There are three key facts about the integrity of American elections: (1) any voter fraud that occurs is negligible (2) voter suppression, for example through longer lines for minority or younger voters, might be a real factor. (3) Public opinion has it exactly reversed: Americans, including a majority of both Republicans and Democrats, are concerned about the existence of voter fraud (not real), but, only a majority of Democrats are concerned about voter suppression (real).
Democrats say voter fraud exists, but do not really believe any of the mechanisms of voter fraud. Republicans say voter fraud exists and really do believe, in reasonable numbers, that masses of people voter in multiple states, undocumented immigrants votes, and people vote on the registrations of the deceased. Which is false.
“Is voter fraud a problem in US elections?” 63 percent of Americans think it is, with 55 percent of Democrats and 69 percent of Republicans. But, we also ask the about the different manifestations of voter fraud and people are far less certain that any of them actually happen. “Did masses of undocumented immigrants vote in the 2016 election?”: 45 percent of Americans agree, with 32 percent of Democrats and 62 percent of Republicans. “Did masses of people vote with the registrations of dead people in the 2016 election?” 44 percent agree, with 30 percent of Democrats and 58 percent of Republicans. “Did masses of people vote in multiple states in the 2016 election?” We record 48 percent agreement, with 39 percent of Democrats and 56 percent of Republicans.
Democrats say voter suppression exists and really do believe in the mechanisms. Republicans have a lighter belief in voter suppression, but do believe that long lines deter eligible voters from voting and voter ID laws blocked eligible votes unable to attain them.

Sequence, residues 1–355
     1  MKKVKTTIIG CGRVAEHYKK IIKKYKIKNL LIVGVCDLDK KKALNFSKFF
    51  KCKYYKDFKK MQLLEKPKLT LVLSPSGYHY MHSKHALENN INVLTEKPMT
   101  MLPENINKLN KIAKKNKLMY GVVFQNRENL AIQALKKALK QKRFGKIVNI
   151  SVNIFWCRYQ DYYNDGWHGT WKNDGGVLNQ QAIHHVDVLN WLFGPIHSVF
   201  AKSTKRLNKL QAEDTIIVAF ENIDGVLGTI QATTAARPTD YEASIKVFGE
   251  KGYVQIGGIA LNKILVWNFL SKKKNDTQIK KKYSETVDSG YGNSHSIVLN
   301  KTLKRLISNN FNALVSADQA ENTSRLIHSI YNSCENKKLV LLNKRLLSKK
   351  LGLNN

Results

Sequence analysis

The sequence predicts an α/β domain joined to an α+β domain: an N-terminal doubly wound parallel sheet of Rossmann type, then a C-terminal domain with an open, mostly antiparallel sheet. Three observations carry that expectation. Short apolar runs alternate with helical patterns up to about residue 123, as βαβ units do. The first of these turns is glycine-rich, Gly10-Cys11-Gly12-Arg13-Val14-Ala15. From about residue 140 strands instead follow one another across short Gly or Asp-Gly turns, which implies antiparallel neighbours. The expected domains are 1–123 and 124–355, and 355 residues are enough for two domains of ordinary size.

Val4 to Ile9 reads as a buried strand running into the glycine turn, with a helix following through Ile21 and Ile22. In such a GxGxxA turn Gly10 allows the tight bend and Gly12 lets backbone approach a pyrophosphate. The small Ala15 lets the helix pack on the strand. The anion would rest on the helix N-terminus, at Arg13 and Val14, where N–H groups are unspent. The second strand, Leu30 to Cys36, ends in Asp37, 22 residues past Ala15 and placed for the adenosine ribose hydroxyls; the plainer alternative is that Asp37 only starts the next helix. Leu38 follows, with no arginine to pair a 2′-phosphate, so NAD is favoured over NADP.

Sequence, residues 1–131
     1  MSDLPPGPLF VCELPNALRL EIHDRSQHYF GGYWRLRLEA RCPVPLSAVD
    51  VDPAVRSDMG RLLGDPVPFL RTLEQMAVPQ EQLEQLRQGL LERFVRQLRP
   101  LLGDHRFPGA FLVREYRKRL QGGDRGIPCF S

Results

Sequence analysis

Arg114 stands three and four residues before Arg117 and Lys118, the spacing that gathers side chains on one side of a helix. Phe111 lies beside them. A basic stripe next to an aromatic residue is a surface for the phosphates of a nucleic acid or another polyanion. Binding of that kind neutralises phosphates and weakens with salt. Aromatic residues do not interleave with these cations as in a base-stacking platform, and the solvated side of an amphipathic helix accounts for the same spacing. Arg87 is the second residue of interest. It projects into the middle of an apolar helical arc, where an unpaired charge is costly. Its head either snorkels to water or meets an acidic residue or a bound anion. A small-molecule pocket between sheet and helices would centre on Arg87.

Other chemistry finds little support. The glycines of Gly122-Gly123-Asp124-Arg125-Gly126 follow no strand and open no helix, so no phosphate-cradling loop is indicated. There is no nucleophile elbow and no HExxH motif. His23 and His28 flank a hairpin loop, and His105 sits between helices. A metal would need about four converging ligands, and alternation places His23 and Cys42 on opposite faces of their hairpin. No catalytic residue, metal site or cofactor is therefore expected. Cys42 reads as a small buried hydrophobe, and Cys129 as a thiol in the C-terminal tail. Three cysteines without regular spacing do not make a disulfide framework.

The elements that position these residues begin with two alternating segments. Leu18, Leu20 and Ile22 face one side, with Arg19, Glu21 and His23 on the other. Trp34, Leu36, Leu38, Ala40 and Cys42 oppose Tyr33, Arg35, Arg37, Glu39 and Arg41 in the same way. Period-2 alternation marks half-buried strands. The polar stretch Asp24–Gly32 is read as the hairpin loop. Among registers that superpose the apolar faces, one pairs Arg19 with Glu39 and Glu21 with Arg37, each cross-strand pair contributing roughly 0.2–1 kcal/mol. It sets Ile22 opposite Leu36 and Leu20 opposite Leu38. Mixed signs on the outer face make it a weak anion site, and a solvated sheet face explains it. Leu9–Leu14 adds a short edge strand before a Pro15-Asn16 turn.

“Is voter suppression a problem in US elections?” 56 percent of Americans think it is, with 65 percent of Democrats and 44 percent of Republicans. Unlike voter fraud, there is more consistent agreement that the different manifestations of voter suppression actually happen. “Were masses of eligible voters unable to vote due to long lines in the 2016 election?” 48 percent think so, with 53 percent of Democrats and 40 percent of Republicans. “Were masses of eligible voters unable to vote due to voter registration purges in the 2016 election?” 37 percent think so, with 43 percent of Democrats and 30 percent of Republicans. “Were masses of eligible voters unable to vote due to onerous voter ID laws in the 2016 election?” 42 percent think so, with 51 percent of Democrats and 33 percent of Republicans.
In total, belief in the fairness of the next elections are incredibly weak: half all Americans think that the 2020 election will be “free and fair” (49 percent among Democrats and 57 percent among Republicans).
The PredictWise and Pollfish survey received responses from 1,200 people on March 6, 2017 through online and in-app polling methods. We do not report margin of error because we do not believe it can be accurately estimated.
Tobias Konitzer is a PhD candidate in communication at Stanford University. Find him on Twitter @KonitzerTobias.
Sam Corbett-Davies is a PhD candidate at Stanford University in computer science. Find him on Twitter @scorbettdavies.
David Rothschild is an economist at Microsoft Research. Find him on Twitter @DavMicRot.